Students swap international intelligence - Among the key lessons: How Styrofoam works

Confluence State Park ranger Jose Velazquez explains to a group of Ecuadorian students how beavers have chewed the bark off a downed tree in the Horan Nature Area. The students watched Canada geese and marmots and talked about salmon and local foliage before a forum with Eastmont High School students. (World photo/Kelly Gillin)

EAST WENATCHEE — Sixteen-year-old Jenyfer Morales had never seen Styrofoam before Monday. She looked it up and down, poked it with a pencil and passed it around to her fellow Ecuadorian natives.

The Eastmont students sitting across from them had just finished explaining how the school district plans to replace their Styrofoam lunch trays with a recyclable product next year.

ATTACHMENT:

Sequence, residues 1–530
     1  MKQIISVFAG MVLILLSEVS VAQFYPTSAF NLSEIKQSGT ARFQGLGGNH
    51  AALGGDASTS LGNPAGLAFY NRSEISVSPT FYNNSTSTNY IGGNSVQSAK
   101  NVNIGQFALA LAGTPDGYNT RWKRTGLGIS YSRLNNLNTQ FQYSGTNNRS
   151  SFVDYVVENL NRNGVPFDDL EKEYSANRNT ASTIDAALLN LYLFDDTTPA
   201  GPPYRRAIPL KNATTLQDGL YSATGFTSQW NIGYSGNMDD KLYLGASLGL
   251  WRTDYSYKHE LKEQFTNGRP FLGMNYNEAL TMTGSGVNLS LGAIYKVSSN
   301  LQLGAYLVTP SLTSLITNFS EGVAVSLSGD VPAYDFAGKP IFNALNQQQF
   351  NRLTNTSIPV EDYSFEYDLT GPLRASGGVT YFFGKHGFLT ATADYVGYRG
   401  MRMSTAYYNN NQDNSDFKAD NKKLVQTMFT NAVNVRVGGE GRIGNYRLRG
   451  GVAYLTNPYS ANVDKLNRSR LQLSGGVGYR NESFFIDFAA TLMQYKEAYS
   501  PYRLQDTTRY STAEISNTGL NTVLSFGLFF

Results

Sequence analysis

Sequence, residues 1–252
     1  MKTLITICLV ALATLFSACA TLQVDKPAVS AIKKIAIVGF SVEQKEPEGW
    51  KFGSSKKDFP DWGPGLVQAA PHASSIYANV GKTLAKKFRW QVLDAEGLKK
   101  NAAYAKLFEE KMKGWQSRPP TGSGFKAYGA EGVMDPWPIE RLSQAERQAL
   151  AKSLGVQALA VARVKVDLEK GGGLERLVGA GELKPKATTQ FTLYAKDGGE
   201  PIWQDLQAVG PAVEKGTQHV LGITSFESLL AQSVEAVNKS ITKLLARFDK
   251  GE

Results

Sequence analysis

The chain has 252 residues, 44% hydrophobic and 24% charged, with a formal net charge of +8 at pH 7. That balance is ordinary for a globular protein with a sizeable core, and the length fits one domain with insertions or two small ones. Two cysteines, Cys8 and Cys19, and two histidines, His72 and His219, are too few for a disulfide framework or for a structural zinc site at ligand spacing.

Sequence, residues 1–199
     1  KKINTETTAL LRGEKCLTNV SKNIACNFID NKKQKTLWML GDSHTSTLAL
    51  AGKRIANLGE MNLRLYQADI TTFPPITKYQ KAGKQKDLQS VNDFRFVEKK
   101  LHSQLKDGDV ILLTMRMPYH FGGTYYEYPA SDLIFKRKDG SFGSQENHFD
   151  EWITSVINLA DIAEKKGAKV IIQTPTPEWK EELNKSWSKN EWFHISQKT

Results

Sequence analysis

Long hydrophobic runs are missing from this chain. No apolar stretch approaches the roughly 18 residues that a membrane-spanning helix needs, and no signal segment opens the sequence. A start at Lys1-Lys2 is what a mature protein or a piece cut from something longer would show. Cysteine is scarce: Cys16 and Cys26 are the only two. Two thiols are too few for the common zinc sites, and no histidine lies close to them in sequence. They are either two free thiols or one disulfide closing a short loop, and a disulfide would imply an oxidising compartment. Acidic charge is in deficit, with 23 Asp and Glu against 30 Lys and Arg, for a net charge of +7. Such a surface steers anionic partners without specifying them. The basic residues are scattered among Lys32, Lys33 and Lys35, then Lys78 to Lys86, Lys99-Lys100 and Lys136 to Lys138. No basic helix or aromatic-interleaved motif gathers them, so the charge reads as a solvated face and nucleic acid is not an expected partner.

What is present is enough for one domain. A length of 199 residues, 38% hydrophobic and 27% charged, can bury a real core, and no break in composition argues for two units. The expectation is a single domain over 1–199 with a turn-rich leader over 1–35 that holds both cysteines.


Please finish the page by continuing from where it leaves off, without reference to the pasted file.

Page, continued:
"What's Styrofoam?" the South American students asked.

Consumerism and waste is just beginning to reach parts of Ecuador, 18-year-old Santiago Haro explained through an interpreter.

Haro and the other 10 student activists have been working within their communities to build healthy economies while protecting the environment and their culture.

On the other side of the forum, Eastmont students are working on a few sustainability projects of their own.

A grant-funded program called 4-H Eco-Stewardship is leading students — and not just from Eastmont — on several hands-on adventures this year. Depending on the high school, students are working to find bio-controls for noxious weeds, monitoring wildlife and studying alternative energy.

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